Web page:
• How does your family unwind from work/school/homemaking? Is everyone off in their own corner on different screens? Are family members lethargic, or impatient? What would you like to happen so that you feel like the family actually comes back together during that transition time? What kind of sounds or music would help create that space? The music you can dance to in the kitchen? Energizing, yet soothing Latin music? 

Knowing what feeling you ultimately want in your home is 99 percent of this technique. 

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Time to create those soothing playlists

Once you’re aware of that, all you have to do is create a playlist with the right sounds and songs already queued up and ready to go. Simply hit play on your stereo, laptop, or smartphone and there you go ... an instant shift in the soundscape around you. 

At my house, we have a morning soundtrack that kicks in for breakfast and while getting ready for school. There’s also a playlist for the workday (both my wife and I work from home). Then, there’s an after-school down-regulate playlist for the whole family that shifts us into the right energy before dinner, before switching over to an actual playlist for dinner itself. We use a laptop or even a smartphone to play the music. (We play it quietly in the background, as the lizard brain is VERY sensitive to stimulation the ears send it.)

Does this technique help get the entire family on the same page mentally and energetically? It sure does for us. And I'm willing to wager it will do the same for YOUR family, as well.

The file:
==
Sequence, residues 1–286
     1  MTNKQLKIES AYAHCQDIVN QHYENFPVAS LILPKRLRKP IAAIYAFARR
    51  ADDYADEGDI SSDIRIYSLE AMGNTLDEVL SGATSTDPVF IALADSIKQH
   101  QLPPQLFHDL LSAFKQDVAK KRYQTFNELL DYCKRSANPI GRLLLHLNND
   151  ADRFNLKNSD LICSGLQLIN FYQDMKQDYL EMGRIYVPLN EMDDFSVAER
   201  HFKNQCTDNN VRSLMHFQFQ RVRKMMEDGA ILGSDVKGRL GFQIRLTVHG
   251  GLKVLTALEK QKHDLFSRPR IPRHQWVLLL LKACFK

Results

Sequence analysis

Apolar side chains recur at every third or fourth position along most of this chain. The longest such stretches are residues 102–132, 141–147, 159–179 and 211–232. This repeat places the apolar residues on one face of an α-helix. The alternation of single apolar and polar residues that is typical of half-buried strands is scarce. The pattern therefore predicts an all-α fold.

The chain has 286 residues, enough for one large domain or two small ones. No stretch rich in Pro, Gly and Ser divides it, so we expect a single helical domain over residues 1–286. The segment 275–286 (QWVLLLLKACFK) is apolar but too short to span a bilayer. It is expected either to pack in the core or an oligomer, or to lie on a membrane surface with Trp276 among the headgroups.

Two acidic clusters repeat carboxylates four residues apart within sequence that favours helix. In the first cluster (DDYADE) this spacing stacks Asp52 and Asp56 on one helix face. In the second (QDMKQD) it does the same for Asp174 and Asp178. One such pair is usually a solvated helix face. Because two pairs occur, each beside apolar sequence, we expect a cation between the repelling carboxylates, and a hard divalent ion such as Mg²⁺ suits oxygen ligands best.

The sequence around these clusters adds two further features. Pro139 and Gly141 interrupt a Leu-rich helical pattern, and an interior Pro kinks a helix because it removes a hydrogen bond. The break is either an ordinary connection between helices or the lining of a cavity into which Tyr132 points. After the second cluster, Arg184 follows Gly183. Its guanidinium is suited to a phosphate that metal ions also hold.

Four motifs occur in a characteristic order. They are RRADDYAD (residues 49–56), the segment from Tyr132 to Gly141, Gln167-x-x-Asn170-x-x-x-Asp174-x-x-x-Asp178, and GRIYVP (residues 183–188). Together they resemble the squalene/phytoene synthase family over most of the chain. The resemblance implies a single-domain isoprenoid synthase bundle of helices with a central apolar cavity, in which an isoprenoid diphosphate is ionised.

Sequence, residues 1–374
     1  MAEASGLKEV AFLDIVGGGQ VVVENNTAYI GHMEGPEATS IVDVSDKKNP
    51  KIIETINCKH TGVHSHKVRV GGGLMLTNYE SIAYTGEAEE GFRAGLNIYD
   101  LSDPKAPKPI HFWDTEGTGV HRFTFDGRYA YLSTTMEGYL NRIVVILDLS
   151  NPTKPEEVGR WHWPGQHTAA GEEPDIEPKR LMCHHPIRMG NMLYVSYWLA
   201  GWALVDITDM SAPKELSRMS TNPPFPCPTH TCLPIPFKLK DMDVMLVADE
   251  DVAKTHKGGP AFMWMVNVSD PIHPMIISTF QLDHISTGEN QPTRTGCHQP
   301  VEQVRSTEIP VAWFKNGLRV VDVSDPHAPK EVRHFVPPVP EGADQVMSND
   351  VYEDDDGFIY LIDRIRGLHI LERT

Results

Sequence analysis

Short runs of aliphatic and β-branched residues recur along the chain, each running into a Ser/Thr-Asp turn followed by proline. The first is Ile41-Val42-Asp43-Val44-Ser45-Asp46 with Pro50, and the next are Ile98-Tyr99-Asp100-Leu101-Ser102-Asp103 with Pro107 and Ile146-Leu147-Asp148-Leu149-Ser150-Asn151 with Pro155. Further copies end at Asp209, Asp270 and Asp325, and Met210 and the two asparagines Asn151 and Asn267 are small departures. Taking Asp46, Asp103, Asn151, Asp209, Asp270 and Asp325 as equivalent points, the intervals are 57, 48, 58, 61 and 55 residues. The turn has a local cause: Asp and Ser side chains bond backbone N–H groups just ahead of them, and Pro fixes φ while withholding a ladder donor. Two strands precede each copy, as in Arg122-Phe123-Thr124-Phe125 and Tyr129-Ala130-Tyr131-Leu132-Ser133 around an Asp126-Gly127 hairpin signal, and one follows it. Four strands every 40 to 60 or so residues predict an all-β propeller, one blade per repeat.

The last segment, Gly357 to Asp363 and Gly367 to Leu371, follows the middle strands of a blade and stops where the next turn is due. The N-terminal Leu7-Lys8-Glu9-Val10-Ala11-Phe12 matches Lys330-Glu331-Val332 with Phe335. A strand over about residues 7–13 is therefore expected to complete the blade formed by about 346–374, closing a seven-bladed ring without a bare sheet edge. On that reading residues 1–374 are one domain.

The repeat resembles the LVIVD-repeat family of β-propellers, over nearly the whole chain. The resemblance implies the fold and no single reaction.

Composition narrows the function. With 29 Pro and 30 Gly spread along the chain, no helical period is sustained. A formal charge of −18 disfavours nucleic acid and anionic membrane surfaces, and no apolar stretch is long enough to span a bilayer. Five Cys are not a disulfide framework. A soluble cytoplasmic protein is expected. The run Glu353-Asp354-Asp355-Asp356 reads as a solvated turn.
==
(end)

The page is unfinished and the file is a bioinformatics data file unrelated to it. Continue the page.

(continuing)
Why is this so magical? Because a family that's on the same page is a powerful, compassionate, deeply connected, problem-solving machine. 

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What soothes one might not soothe all

In my family, we've learned (through trial and error) that one person’s delightful sounds or songs might be adrenalin-producing stress inducers to someone else. So, we simply adjust. We tweak the lists until we all feel good about it. And the process is actually fun! And who wouldn’t want a family that works like a team that way?

The truth is, the sounds around us shape our mood, impact our energy, and shift our mindsets in a matter of moments. 

I’ve used the barely-audible sound of heartbeat played on my smartphone at the start of meetings to entrain everyone in the room (people just seem more attuned to each other when the meeting starts that way). 

A third-grade teacher told me her students ask to listen to a particular CD when they are doing work in class. And a student in my unhoused music class who has bipolar disorder says his shrink makes sure there’s plenty of smartphone music available to him rather than expensive symptom-suppressing psych meds. 

Don't let end-of-day noise frustrate and fracture your family's sense of togetherness. Give this technique a try. You'll be amazed how well it changes the feeling (and the sense of connection) in your home! 

Try it. If you get great results, tell your friends. It’s time we reclaimed our soundscapes and make them do our bidding!

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Bill Protzmann is the founder of Music Care Inc., a for-profit corporation dedicated to teaching practical ways music can be used for self-care. His latest book, More Than Human, explains how and why re-engaging the human spirit can make a practical and positive difference.